The article is here.

Go read. I'll see you on Monday!

Have a great weekend - and a great holiday for my fellow American friends!

Thursday, May 26, 2011

The Realness of Our Imaginary Worlds

Last year I sat with a group of people who were talking about those they knew with cancer. One spoke up that a good friend of hers had a son just diagnosed with leukemia and they were getting medical treatment at Johns Hopkins University.

Without thinking, I nearly jumped into the conversation with: "I know a fantastic doctor there."

Then I realized, Oh yeah. I made him up. He only exists in my head, in my book.

The thing is, this wasn't the last time that's happened to me. There have been other conversations where I've told someone how great Johns Hopkins is, as if I personally had experience with the doctors and treatment there. I have nearly told people that there is a cure for diabetes with adult stem cells that is in stage two trials.

Perhaps it's normal, after spending so much time researching and writing, to feel that what we have created is in fact real instead of imaginary. I have walked parts of the Johns Hopkins campus, but I have never been in or around their medical facilities. I do not know anyone who has gone through diabetes treatment trials of any kind. I do not know a boy with a turquoise Mohawk.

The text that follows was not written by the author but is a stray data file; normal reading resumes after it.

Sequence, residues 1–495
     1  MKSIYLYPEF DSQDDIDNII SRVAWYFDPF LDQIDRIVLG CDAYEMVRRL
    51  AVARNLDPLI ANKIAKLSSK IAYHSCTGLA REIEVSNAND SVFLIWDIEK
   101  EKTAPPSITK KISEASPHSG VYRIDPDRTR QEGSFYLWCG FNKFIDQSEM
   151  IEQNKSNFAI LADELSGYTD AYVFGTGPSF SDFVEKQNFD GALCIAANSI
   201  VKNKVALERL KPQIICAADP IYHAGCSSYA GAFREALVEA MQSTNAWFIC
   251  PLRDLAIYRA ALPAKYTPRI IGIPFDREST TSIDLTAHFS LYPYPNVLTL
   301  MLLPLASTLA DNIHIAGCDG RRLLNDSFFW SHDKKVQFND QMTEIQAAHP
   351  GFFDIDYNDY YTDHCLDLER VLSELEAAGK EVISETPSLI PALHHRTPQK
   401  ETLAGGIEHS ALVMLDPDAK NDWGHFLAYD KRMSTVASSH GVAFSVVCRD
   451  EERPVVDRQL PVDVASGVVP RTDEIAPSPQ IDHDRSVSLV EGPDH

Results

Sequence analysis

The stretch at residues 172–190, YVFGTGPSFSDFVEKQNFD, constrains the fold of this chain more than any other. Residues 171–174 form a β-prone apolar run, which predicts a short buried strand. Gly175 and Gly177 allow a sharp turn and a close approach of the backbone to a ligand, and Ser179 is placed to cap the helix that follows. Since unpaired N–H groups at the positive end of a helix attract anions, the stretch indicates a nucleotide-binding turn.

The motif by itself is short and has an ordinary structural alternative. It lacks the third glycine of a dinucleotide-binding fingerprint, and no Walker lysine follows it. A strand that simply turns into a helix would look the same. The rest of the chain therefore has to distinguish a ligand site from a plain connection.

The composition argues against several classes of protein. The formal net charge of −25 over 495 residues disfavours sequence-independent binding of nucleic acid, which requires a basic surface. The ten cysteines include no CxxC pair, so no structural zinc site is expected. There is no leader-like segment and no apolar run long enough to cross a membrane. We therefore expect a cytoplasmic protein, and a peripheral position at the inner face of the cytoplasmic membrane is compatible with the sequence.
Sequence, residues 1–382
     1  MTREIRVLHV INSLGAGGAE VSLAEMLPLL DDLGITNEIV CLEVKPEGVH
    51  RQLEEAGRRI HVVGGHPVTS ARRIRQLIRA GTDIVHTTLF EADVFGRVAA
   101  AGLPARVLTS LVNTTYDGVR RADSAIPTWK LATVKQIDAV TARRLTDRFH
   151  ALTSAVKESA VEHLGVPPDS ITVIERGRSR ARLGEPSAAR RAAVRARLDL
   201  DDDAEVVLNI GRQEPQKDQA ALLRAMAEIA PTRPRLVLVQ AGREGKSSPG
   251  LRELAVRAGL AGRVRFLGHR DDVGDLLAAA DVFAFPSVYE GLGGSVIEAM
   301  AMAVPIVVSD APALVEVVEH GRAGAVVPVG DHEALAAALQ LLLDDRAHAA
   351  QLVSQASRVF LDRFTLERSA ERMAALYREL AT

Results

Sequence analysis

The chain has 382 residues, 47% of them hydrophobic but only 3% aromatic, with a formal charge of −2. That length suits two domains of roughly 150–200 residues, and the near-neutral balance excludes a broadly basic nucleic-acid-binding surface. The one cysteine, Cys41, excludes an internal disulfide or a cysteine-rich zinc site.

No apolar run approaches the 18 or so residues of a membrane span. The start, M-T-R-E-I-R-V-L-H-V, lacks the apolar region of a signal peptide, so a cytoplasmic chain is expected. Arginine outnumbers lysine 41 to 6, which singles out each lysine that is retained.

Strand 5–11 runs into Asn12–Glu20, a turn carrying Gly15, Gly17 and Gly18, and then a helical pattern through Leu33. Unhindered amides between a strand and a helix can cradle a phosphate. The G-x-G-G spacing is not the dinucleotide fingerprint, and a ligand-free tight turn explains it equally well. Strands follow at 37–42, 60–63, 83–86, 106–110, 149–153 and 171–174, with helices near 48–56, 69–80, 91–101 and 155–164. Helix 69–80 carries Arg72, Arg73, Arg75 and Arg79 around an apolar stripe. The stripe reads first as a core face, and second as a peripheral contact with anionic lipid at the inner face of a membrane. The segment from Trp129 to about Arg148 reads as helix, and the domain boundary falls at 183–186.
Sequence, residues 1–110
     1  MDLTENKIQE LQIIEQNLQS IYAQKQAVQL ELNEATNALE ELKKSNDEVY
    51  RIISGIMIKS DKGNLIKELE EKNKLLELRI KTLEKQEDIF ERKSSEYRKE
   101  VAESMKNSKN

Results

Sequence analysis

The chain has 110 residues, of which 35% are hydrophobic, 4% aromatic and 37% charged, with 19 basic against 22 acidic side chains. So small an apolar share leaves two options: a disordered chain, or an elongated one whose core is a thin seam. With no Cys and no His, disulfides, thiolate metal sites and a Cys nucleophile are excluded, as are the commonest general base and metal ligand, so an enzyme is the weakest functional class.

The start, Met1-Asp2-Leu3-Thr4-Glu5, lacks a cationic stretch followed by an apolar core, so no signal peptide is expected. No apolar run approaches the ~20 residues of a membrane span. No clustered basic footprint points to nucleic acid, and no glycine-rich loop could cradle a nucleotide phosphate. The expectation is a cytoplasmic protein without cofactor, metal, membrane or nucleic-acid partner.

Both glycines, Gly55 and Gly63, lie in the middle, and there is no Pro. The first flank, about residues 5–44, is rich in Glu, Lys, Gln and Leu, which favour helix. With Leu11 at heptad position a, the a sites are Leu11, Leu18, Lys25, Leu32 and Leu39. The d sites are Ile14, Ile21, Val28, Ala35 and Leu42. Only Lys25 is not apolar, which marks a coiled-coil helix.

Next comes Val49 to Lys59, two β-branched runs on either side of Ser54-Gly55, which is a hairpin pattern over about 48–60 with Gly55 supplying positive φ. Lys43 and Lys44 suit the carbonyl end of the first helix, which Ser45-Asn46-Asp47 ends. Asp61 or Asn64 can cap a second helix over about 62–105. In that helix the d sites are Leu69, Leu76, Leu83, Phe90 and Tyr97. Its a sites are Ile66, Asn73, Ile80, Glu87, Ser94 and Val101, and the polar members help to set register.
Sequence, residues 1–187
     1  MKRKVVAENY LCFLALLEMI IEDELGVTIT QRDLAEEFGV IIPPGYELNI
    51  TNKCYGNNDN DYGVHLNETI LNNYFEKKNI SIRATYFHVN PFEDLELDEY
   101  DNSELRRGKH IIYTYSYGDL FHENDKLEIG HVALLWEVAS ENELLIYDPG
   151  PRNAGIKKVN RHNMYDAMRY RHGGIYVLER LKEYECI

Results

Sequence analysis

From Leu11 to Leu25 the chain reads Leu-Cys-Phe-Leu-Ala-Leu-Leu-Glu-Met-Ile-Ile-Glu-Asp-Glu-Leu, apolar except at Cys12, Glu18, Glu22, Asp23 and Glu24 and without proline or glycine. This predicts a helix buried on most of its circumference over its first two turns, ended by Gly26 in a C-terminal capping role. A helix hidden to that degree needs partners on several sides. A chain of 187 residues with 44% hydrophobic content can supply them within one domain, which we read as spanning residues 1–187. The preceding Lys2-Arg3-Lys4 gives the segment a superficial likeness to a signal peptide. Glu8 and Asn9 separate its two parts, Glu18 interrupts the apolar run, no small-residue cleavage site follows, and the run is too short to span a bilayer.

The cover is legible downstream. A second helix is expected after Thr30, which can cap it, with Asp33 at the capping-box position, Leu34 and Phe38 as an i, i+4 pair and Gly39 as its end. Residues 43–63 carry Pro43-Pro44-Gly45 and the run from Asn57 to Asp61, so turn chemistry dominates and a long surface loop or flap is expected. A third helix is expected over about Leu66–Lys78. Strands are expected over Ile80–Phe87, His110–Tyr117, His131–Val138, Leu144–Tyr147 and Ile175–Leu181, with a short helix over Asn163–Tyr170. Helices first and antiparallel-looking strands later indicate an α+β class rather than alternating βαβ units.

And yet, I feel like I do.

There are moments when I channel the bitterness of my newest protagonist, as though I have taken on her abusive history and angry persona. I wake up thinking I might start the day with coffee from the coffee-shop one of my characters owns before I realize that it, too, is just part of my imagination.

But I can tell you the color of the wood of the round tables, the pattern of the overstuffed chairs, the smell of coffee and mocha and baking bread all blended into a perfect atmosphere. Those details aren't even in my book, but I know them.